Education

Teacher’s Own Case as ‘Faithless’ Electoral College Voter Goes Before Supreme Court

By Mark Walsh — May 12, 2020 4 min read
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Most Americans learn about the Electoral College in 8th grade or high school civics class and probably don’t give it much thought afterward.

But one high school government teacher is putting his own stamp on lessons about the system set forth in Article II of the U.S. Constitution for indirect election of the president and vice president.

Micheal Baca now teaches at Chaparral High School in Las Vegas, but he was a Colorado resident during the 2016 election. His own drama-filled experience as an elector goes before the U.S. Supreme Court on Wednesday, along with cases involving other electors in Colorado and Washington state who were removed as electors or punished for not casting their ballots in keeping with the popular vote in their states.

“I never expected that six years after getting out of high school, I would be one of 538 people electing the president of the United States,” said Baca, now 28.

He was a politically active supporter of Sen. Bernie Sanders in 2016, becoming a Sanders delegate to the Democratic National Convention. He also volunteered for the obscure role of potential elector. Baca was chosen by the state Democratic Party for the slate of people who pledge to vote in the Electoral College for the party’s presidential and vice presidential nominees if that ticket wins the state’s popular vote.

Hillary Clinton won Colorado and Washington state, as well as the national popular vote in the 2016 election. But with Donald Trump’s electoral victory, Baca and Bret Chiafalo of Everett, Wash., hatched a plan to try to convince 37 electors in states that Trump won to vote for someone else in the Electoral College. Baca and Chiafalo believed that would send the election to the U.S. House of Representatives. The House, they hoped, would coalesce around a more moderate Republican than Trump.

The necessary 37 defectors didn’t materialize, and by the time electors met in their state capitals in December 2016 to cast their Electoral College ballots, Baca and a few others in Colorado and Washington were intent on voting for someone other than Clinton just as a small form of protest.

Long story short: Baca crossed off Clinton’s name and wrote in then-Ohio Gov. John R. Kasich Jr., who had unsuccessfully sought the Republican presidential nomination. Colorado’s secretary of state, who had warned Baca and two other electors that state law required them to vote for the popular vote winner. The others ended up voting for Clinton, while officials rejected Baca’s vote, removed him as an elector, and referred him for a perjury prosecution because he had signed an oath to follow state law.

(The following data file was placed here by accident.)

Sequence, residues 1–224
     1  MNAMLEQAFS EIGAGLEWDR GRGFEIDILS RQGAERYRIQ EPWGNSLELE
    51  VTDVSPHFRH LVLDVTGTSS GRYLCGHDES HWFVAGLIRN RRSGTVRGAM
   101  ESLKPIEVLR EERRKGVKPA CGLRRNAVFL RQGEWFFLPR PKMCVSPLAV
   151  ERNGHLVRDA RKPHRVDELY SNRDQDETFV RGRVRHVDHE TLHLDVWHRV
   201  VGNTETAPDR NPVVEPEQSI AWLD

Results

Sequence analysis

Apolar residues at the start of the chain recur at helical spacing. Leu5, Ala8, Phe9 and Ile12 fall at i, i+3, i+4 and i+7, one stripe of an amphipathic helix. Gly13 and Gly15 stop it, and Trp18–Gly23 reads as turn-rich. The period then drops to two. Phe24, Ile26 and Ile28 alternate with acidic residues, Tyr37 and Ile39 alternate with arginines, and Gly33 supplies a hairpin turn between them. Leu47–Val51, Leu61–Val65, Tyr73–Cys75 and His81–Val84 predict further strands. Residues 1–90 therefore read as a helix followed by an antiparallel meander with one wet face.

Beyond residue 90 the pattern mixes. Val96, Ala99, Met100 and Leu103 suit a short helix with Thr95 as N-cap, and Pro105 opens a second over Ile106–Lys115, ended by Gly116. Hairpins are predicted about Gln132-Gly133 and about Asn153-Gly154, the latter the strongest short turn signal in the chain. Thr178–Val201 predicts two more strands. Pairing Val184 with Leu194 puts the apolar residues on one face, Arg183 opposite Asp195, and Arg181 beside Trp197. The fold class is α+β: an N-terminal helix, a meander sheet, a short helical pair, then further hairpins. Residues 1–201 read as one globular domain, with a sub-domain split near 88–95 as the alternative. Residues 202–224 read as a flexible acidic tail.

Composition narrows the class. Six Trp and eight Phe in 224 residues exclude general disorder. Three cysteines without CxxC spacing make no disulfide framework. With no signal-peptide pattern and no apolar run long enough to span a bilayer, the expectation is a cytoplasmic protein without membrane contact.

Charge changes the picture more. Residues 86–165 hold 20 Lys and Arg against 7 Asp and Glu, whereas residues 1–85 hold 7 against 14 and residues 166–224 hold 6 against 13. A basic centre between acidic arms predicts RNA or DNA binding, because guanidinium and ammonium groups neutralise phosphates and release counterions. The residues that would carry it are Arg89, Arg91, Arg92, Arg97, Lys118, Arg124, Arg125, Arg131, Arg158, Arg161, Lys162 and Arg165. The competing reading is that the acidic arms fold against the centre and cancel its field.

“It was definitely stressful,” Baca said. He was never prosecuted. But he joined in a lawsuit challenging state punishments for so-called faithless electors. (Chiafalo and two others in Washington state were allowed to cast their Electoral College ballots for Colin Powell, but they were later fined $1,000 each by the state.)

The electors argue that they have a right to vote with discretion without interference or sanction by a state. Colorado and Washington contend that several provisions of the U.S. Constitution give states broad power to select and control their electors.

Since 2016, Baca worked as a flight attendant and as a political organizer before passing the PRAXIS teacher test and becoming a teacher in Las Vegas. He is finishing his second school year, and as the electors’ case has moved through the legal system, he has shared the story with his students in small doses.

“I don’t want to overemphasize it,” he said. “I try to get them to understand we live in a representative democracy.”

The teacher said that when he discusses his desire to eliminate the Electoral College, “I am speaking to them as Micheal Baca the private citizen.”

He was looking forward to traveling to Washington when the arguments in Colorado Department of State v. Baca and Chiafalo v. Washington were originally scheduled for April. But the coronavirus pandemic postponed those arguments and closed the Supreme Court building to the public.

On Wednesday, the justices will hear those arguments as the last cases that are part of the unusual May telephone session.

Baca, like other teachers across the nation, has been instructing his students remotely since March. He informed his classes where they could listen to the arguments, but he didn’t make it a required assignment.

“I’m going to have my computer up and engage with my students if they are listening and have any questions as the arguments go along,” he said.

Baca said he couldn’t guarantee how long he would stay in teaching.

“I kind of stumbled into it,” he said. “My real passion is politics. I’m still interested in making my mark and making the country more democratic.”

Photo: Micheal Baca speaks outside the federal courthouse in Denver in December 2016 when electors were seeking clarification of Colorado’s requirement that they vote for the winner of the state’s popular vote in the presidential election that year. (AP Photo/David Zalubowski)

A version of this news article first appeared in The School Law Blog.

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